We got the first one apart and back together OK Needs splines lining up as you press through the splined sinlentbloc and through the arm and into the second silentbloc while the lot is sitting in the cradle on its side. Great, then on to the second one. But we missed the spline alignment a bit going into the arm and as the tonnage went up rapidly we though is it just a bit older and rusty or what ? After a few more tons we called it quits and then had to press it apart again. The male spline was forming its own splines in the arm !! Bugger. Overconfident !:mad:
Had to clean it up and file the splines at the start and come back another day to finish it. Too much power and not enough manual feed back to know what was happening. All good in the end. Thank god they do'not make cars like that any more :rolleyes:
Jaahn
 

Shoji

Renault 17 TL 1312
I neglected to mention that the wrecked bush, one of four I'd add, is a Silentbloc bush from the lower wishbones. The upper Fluidblock ones seem just fine but need lubrication.

Very funny! :)
Then I think I know the winner here John, Fluidblock 1 :approve:, Silentbloc nil :dead: A much better bush :party:
 

JohnW

Too many posts!
Then I think I know the winner here John, Fluidblock 1 :approve:, Silentbloc nil :dead: A much better bush :party:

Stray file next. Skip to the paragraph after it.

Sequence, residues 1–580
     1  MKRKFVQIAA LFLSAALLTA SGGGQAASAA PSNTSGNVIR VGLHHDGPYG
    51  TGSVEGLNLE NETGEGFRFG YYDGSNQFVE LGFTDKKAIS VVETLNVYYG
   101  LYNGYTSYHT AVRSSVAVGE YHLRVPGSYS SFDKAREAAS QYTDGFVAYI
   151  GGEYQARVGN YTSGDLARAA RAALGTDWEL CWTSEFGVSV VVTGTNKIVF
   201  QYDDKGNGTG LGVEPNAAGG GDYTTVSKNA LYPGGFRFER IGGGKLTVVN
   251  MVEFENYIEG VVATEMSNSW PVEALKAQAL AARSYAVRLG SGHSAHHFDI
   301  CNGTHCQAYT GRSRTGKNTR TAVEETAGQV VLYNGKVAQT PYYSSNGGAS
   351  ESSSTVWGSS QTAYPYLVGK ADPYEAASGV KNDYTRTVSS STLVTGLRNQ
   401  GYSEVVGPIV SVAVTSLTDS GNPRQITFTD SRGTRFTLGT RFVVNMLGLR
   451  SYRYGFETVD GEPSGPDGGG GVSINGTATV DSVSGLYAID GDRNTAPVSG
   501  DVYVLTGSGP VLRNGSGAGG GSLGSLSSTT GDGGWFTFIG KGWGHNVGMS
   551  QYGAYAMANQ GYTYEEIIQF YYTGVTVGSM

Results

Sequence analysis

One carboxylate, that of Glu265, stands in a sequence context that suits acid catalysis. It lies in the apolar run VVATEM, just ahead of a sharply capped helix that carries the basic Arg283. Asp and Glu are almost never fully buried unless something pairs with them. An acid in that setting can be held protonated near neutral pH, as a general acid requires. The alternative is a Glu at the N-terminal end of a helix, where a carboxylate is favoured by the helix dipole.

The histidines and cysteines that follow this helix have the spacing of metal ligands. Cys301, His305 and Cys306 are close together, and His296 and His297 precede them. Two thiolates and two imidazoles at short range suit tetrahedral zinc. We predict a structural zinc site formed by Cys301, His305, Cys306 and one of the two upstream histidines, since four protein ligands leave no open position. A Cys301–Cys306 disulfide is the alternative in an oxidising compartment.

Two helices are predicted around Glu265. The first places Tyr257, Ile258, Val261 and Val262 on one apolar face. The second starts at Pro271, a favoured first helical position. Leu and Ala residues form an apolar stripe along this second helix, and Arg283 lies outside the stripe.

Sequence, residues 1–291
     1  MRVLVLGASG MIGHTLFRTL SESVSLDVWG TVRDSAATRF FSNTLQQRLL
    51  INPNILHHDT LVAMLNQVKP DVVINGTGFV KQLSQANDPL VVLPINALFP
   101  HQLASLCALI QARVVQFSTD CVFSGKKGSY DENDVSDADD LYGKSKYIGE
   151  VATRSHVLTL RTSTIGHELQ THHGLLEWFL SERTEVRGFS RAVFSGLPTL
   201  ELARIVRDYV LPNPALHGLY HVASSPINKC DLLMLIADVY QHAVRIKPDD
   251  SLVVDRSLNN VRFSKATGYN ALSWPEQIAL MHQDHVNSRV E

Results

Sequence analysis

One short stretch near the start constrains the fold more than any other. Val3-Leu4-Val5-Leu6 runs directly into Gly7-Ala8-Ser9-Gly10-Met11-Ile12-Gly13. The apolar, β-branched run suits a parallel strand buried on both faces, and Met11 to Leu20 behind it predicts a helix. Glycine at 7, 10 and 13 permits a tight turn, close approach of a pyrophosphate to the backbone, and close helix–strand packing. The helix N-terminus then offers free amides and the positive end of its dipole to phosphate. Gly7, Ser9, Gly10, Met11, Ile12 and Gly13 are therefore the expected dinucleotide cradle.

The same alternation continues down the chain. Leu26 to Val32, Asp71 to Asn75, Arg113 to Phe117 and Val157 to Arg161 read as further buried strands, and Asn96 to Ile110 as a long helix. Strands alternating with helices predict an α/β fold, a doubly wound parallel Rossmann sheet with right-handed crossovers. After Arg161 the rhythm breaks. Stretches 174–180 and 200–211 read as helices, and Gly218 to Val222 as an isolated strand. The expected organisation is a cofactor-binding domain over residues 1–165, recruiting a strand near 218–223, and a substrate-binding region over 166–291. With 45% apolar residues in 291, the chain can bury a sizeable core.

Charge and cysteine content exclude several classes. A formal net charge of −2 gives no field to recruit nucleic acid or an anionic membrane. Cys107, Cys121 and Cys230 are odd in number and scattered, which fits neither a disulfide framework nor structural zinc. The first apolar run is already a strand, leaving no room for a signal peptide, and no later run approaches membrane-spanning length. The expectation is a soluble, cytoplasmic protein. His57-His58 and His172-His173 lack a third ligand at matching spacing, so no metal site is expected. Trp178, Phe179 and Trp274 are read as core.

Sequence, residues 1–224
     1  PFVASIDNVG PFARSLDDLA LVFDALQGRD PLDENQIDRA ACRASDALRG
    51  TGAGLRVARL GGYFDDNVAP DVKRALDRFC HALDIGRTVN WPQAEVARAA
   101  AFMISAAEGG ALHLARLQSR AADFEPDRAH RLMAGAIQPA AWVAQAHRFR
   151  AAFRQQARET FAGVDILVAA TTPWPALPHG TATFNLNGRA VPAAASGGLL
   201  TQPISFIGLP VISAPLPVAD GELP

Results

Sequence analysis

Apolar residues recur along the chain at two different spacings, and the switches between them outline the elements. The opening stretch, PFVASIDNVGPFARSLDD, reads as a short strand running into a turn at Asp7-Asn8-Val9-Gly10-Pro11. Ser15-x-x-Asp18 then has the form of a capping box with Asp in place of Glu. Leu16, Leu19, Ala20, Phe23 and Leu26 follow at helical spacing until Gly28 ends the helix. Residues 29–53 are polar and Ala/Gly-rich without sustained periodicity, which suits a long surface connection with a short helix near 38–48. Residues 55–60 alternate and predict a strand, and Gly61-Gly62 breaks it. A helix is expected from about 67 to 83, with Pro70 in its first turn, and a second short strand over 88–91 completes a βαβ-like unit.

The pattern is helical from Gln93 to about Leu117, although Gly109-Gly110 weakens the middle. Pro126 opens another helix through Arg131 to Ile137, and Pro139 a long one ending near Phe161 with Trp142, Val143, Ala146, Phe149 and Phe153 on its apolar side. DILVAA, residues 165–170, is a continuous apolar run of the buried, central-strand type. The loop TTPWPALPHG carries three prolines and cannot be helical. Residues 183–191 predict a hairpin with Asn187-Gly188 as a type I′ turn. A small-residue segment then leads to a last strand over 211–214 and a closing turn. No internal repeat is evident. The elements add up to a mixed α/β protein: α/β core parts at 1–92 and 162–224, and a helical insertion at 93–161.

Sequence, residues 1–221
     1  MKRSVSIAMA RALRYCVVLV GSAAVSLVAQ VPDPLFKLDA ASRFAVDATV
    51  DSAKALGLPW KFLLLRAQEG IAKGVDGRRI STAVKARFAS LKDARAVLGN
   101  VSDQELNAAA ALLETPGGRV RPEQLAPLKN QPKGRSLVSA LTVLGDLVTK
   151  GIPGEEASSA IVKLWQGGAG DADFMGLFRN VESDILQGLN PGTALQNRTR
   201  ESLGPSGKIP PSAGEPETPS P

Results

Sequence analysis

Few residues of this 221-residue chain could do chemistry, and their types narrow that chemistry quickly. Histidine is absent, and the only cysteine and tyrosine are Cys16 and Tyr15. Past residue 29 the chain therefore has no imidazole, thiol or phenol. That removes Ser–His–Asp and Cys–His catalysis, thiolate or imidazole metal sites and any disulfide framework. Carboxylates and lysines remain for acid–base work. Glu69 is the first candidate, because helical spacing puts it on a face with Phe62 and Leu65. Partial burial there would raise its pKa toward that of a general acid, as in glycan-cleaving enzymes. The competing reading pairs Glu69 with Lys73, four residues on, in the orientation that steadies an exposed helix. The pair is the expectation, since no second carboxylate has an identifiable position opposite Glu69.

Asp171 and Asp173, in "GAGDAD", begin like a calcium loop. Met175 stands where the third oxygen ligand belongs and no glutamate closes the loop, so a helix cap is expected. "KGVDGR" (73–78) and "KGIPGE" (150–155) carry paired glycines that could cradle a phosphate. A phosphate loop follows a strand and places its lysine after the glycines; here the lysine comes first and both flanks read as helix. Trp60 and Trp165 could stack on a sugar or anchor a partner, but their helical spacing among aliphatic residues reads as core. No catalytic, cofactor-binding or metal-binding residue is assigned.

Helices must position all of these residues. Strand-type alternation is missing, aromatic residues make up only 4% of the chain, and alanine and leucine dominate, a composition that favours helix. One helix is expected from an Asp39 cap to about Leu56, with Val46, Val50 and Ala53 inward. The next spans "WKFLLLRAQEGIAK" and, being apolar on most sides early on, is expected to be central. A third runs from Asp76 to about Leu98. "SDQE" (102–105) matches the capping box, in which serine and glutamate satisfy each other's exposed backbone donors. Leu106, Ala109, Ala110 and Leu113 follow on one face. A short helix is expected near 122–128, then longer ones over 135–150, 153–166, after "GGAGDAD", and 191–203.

I'll email you my draft article on the subject..... In this case, I suspect the Silentbloc bushes failed due to incorrect assembly by me 20 years ago - tightened up the system with the suspension in the wrong place, slightly. So they were probably overstressed in an angular sense. I do wonder how the car would ride with Nolathane but I'm not going there for a number of reasons. Cheers
 

Shoji

Renault 17 TL 1312
I'll email you my draft article on the subject..... In this case, I suspect the Silentbloc bushes failed due to incorrect assembly by me 20 years ago - tightened up the system with the suspension in the wrong place, slightly. So they were probably overstressed in an angular sense. I do wonder how the car would ride with Nolathane but I'm not going there for a number of reasons. Cheers
Ah yes John, tightened up incorrectly would make sense for the rubber to strip like that. I just removed the centre Y shaped suspension arm from Ren 17 rear axle and found the silentbloc's in great condition after 47 years of use! Amazing. I will replace with the new part as the rubber bushes would have changed in some chemical sense, in a guess. The front suspension (mentioned earlier), I did tighten the king pins as per guide. Would help big time re: ride wise, I imagine. And it does travel well, even at 105miles per hr. ;)

Rear Suspension parts.jpg
 

JohnW

Too many posts!
Quite interesting John. I also have been busy today ripping out the rear axle to replace the trailing arms (come with new bushes).
You must have spurred me on.
They pushed back together easily by hand with Mr Schlitz's recommended grease. When I tightened up the upper wishbone bolt to its specified torque they felt exactly the same as when new - just fell under their own weight and with no discernable side-play. Lucky the lower bushes failed or I'd not have discovered the upper ones needed lubrication! Job 90% done now. Mind you, the 10% includes rebleeding the brakes.....